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Archdiocesean News
Annual Joint meeting of the BIJHAN RBC-CDP-CRI
Posted on: 27/10/2014

Novina for the Fr. Constant Lievens
Posted on: 27/10/2014

Cardinal's Programme
Posted on: 11/9/2014

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HISTORY OF RANCHI ARCHDIOCESE

The Archdiocese of Ranchi comprises of the Civil District of Ranchi (minus Khunti Subdivision) and the District of Lohardaga.

The first Belgian Jesuit to enter Chotanagpur was Fr. Auguste Stockman. He traveled by the bullock cart from Midnapur and after a difficult journey of a fortnight reached Chaibasa (now in the Diocese of Jamshedpur) on Nov. 25, 1868 for a brief visit. He settled down at Chaibasa on 10.07.1869. The first Munda converts were baptized on 08.11.1873. His work among the Ho tribe did not yield results, so he moved towards the Ranchi District in January 1875. Other Belgian Jesuits came to Ranchi in 1877 to act as military chaplains to the troops at Doranda (Ranchi). As the prospects of evangelization among the tribals of Chotanagpur were bright, the first mission stations were opened among the Mundas. However, the real impetus came from Fr. Constant Lievens, who arrived at Doranda on March 18,1885. He is often called Apostle of Chotanagpur.

To assist the missionaries, the Irish Loreto Sisters from Calcutta opened at Convent on Purulia Road, Ranchi. It was here that the Daughters of St. Anne, a Diocesan Congregation had their beginning in 1897. The Ursuline Sisters of Tildonk, Belgium replaced the Loreto nuns in the same compound in 1903. By 1927 the Ranchi Mission had developed to such an extent that by decree of the Holy See, dated May 25, 1927, it was separated from the Calcutta Archdiocese to form a new Diocese with Ranchi as its Episcopal seat and Msgr. Louis Van Hoeck as the first bishop. He was succeeded by Rt. Rev. O. Sevrin in 1934, who was pastor for 18 years (1934-1952).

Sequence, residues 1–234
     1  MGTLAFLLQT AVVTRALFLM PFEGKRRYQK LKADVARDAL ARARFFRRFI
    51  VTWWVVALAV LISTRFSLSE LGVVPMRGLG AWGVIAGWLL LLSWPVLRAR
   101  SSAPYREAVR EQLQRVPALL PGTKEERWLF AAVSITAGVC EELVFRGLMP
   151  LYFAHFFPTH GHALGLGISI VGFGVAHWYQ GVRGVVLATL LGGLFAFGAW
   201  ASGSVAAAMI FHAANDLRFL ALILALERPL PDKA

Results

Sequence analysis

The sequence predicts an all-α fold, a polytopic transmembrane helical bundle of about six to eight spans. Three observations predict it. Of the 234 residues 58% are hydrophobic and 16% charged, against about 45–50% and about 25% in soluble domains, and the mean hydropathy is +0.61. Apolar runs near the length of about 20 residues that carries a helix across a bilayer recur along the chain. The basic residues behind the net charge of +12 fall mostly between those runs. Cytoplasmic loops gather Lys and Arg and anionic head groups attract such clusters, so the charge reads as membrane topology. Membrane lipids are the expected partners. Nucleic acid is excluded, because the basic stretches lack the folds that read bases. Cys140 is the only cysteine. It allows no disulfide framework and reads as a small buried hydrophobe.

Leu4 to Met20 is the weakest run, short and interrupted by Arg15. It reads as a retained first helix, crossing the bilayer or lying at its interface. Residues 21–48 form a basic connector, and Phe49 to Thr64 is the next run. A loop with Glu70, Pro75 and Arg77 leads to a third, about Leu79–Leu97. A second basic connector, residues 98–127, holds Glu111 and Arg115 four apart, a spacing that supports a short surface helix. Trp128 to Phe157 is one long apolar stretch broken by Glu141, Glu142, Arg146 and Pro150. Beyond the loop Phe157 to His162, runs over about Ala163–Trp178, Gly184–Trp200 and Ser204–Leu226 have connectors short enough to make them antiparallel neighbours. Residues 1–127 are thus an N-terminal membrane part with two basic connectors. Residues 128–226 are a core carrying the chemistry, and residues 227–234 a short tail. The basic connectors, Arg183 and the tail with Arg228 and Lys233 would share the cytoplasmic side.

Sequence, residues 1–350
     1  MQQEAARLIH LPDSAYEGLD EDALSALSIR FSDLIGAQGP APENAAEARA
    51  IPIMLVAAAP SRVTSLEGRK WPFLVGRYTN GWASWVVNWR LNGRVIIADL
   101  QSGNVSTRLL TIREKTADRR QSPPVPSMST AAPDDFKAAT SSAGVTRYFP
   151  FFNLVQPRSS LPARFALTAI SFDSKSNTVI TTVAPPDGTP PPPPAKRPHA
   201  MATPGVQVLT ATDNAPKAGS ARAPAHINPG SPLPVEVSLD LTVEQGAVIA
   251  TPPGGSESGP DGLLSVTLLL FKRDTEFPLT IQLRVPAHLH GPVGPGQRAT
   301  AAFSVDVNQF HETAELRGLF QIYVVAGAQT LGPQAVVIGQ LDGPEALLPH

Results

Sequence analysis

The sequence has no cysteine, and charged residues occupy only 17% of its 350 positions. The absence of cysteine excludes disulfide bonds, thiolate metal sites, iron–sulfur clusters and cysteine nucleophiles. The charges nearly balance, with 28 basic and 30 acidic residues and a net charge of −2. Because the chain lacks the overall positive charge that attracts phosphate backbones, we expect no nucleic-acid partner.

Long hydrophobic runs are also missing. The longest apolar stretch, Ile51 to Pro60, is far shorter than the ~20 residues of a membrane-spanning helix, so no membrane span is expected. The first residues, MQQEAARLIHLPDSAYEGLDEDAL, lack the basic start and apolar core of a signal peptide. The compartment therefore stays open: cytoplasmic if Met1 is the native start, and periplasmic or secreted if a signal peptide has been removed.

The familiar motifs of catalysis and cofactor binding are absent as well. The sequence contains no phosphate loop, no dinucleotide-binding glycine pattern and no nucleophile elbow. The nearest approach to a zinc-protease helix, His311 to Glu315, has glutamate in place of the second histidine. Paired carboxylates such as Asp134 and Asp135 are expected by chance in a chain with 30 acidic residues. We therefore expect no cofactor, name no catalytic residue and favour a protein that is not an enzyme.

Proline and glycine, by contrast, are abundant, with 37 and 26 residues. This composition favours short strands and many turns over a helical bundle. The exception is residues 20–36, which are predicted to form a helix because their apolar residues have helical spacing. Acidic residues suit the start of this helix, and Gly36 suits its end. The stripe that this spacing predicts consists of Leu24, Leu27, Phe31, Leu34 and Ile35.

As the faith spread and took firm root in Chotanagpur, the Catholic Church was being built up and developed, especially through parishes and schools. Soon the rapid growth of the mission made it imperative to call in other labourers, the S.V.D. Fathers, the Australian and American Jesuits, etc. For better pastoral care of the faithful, the vast Archdiocese of Ranchi was divided and on June 14,1951, the Diocese of Sambalpur and on December 13, 1951, the Diocese of Raigarh-Ambikapur were created.

On September 3, 1952, the Diocese of Ranchi was raised to the status of an Archdiocese with Sambalpur and Cuttack as its suffragans. On July 2, 1962, the Diocese of Jamshedpur was created. Then in 1968, the Diocese of Patna and Bhagalpur and the Prefecture of Balasore were made suffragans of Ranchi Archdiocese. Again in 1971, the Diocese of Daltonganj, comprising the civil districts of Hazaribag and Palamau was carved out of the Archdiocese of Ranchi. In 1980, Muzaffarpur Diocese was formed from a part of Patna Diocese and made suffragans of Ranchi Archdiocese.

The 350 Andamans and Nicobar Islands, formerly under Rangoon, became part of Ranchi only in 1947. They were, since 1966, under the care of the Pilar Fathers, and became a new diocese in 1984, on June 22nd. On July 1, 1993, two new Dioceses, Gumla and Simdega, were established with territories taken from the Ranchi Archdiocese.

On May 12, 1995 the new Diocese of Khunti was established with territories taken from the Archdiocese of Ranchi. It comprises the whole Khunti civil Sub-division. In the same year Hazaribag became separate Diocese. On March 16, 1999 the Ranchi Ecclesiastical Province was bifurcated when Patna was made a separate Archdiocese with Bettiah, Bhagalpur, Muzaffarpur and Purnea as its suffragans.

Thus the original Ranchi Mission has by now given birth to 11 Dioceses including the present Archdiocese of Ranchi, with at least one more being expected.


Relative Links

www.vatican.va

Ranchi Jesuits

DSA, Ranchi

Tarang Bharati

Jamshedpur Jesuits


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